By Mary Marrocco | Catholic News Service
How difficult it is to get out of the center of the universe. And how painful to find our way there.
It’s a human dilemma. We tend to see ourselves as the center of everything. Even when we try to put ourselves and our egos second or third, we quickly find ourselves back at the center, trying to rearrange everything around us. We don’t do the good we want to do (Romans 7:15) and end up stuck and baffled.
We might put this common, perplexing human problem under the heading of “addiction.” Late psychiatrist and theologian Gerald May describes addiction as whatever we put in the place of God and worship in his stead.
In our addicted state, everything we do is designed to get us what we crave; all other reality is manipulated to this end. We aren’t likely to see our intentions clearly, being masters at deceiving ourselves about our true motives and methods. That’s part of the human dilemma too, wrapped up as we are by the deceiver and unable to extricate ourselves.
For Heather, for example, controlling food is her addiction. Fooling others, manipulating her body’s appetites, where she goes and when and with whom, how she sleeps, what she wears, whom she talks to, what she says — all are designed to get her the control she craves.
Even if she spent all day every day feeding the poor or doing vaccine research, behind the projected image, her focus would always be herself and her desire. Inside, she is trapped. The lonely, miserable center of the universe.
God alone can be worshipped without leading us into this trap; but when we are led further and further away and caught more and more in the trap, what can help us?
And yet, that bent desire to be the center of the universe, and the control and manipulation we design to get us there, echo our real status as beings created in the image and likeness of God. We are, by design, godlike.
In that sense Heather is right: We belong at the center of creation. God made it so. It is God who desires to give us that place and have us receive and accept it from him, in humility and obedience — listening to his voice, clinging to him; this is life and blessing (see Deuteronomy 30:20).
Trouble is, humility, listening and obedience do not now come easily to humans. We are susceptible to all sorts of pulls, pushes and enticements that entangle us and keep us controlling, controlled and miserable. Or we might say, addicted.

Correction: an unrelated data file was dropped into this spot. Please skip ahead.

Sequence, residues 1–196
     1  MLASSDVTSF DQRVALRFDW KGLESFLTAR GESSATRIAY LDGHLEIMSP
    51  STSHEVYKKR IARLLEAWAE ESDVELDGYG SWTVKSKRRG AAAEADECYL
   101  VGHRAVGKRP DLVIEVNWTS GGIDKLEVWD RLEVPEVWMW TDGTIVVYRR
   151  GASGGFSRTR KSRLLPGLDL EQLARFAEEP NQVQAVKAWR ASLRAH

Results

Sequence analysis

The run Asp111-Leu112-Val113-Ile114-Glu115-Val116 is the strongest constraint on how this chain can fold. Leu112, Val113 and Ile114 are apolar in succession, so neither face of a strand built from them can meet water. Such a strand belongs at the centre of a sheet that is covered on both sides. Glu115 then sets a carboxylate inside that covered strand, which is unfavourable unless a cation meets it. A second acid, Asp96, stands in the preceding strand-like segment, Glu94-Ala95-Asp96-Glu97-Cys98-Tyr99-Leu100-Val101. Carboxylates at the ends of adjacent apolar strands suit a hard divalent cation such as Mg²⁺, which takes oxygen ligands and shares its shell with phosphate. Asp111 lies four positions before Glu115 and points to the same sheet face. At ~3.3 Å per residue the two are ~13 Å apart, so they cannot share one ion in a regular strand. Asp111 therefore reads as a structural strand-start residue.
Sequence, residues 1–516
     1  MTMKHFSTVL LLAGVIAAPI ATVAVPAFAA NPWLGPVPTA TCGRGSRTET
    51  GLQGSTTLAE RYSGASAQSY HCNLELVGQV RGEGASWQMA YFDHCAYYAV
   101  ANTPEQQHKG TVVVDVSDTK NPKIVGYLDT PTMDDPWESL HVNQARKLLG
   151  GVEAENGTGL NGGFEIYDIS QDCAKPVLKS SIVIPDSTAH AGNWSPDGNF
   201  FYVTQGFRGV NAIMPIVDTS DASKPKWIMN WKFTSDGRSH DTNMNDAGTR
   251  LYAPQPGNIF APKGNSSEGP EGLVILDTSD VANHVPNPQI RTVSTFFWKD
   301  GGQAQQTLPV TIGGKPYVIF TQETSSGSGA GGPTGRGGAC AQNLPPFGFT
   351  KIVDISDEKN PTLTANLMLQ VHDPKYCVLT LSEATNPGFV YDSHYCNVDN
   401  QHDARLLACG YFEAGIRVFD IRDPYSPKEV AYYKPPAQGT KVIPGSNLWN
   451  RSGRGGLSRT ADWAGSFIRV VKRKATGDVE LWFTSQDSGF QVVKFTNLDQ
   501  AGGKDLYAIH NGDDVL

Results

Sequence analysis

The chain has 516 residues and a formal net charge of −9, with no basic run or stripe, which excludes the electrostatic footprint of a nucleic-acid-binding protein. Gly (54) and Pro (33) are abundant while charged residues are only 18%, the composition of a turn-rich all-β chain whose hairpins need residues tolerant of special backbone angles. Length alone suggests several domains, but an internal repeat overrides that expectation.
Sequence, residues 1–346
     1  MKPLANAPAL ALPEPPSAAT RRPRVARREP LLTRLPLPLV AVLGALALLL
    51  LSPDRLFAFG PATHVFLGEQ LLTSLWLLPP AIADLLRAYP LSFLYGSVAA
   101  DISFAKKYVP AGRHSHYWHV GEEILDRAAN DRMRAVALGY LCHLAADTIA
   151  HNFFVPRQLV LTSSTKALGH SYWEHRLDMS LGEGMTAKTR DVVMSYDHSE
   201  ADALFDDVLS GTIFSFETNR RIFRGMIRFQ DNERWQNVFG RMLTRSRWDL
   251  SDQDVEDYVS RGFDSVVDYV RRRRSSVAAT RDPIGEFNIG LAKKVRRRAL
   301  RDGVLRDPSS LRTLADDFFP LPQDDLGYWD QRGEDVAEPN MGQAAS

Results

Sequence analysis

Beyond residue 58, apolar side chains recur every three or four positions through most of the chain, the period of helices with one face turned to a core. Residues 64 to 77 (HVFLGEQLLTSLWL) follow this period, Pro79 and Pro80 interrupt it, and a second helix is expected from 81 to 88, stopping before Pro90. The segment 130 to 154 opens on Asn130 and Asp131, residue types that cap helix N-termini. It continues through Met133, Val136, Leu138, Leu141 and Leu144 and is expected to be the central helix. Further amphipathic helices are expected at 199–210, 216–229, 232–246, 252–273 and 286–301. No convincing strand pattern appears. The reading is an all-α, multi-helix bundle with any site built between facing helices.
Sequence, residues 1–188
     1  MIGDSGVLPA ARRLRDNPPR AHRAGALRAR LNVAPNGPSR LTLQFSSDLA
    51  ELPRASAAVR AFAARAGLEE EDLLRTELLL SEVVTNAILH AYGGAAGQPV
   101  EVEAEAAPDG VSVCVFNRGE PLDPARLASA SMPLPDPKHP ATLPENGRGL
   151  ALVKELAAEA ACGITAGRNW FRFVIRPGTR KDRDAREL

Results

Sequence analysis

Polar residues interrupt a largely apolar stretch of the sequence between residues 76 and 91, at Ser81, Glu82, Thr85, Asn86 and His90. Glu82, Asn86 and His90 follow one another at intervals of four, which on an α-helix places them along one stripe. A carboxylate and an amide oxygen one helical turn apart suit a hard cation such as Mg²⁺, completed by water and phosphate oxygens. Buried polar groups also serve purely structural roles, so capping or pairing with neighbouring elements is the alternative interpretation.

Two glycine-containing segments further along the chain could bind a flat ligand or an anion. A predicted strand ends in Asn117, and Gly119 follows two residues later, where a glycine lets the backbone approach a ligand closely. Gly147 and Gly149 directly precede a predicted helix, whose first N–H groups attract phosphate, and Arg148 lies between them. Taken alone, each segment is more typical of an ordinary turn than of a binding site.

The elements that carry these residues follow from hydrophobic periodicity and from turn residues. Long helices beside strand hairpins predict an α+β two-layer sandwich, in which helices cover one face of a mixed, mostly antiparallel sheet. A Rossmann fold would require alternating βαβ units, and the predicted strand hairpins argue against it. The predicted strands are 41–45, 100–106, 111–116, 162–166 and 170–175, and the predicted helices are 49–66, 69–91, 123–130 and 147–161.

These days of pandemic, anxiety and uncertainty, such afflictions have seemingly increased exponentially; but they are not new. Back in the fourth century, St. Athanasius described this human predicament and the lengths to which God has gone (throughout history) to protect and uphold his beloved human creation.
Humans were given three ways to discover God, Athanasius explains: through studying creation, listening to holy people and the law — that is, humility, listening, obedience. And even these were not enough. People, burdened and bowed down by illusion and deception, forgot how to look up to God.
And so, God came down to where people were looking. He came down in the sensible world humans were immersed in, Athanasius explains. Because humans forgot how to look up, God came down in flesh, in humanness, poverty and vulnerability. He came down into the arms of a woman who “looked down to heaven as she held heaven in her arms” (as Archbishop Fulton J. Sheen put it many centuries later).
The Gospel begins by Mary looking down to God, and God looking up to Mary. God’s humility, listening and obedience create the possibility of ours. He shows us how we become like him. And so we can take our natural place at the center of creation, not to dominate it but to love it as God does. To finally become fully human, fully alive.
Heather tasted this freedom when, for a moment, she felt the delight of the heaven she looked down on. She realized the food she really wanted was what she already had, and in her joy she let go of everything else to taste that one thing: the Eucharist. The humblest thing of all.
For a moment, she wasn’t the center of the universe. Nothing changed, but everything changed. Paradoxically, that’s the first step into the center of the universe in the way we are meant to be there, not by self-absorption but by love.
The next steps on Heather’s journey may not be easy. The journey of the Magi, of the shepherds, wasn’t easy. But I doubt they counted the cost, or even noticed it.
They surrendered all joyfully, on their way to look down to the little one who opened up heaven to all. They beheld Christ, vulnerable and poor, in the arms of the woman who knew how to let go of everything so as to bear everything up.
Mary Marrocco can be reached at firstname.lastname@example.org.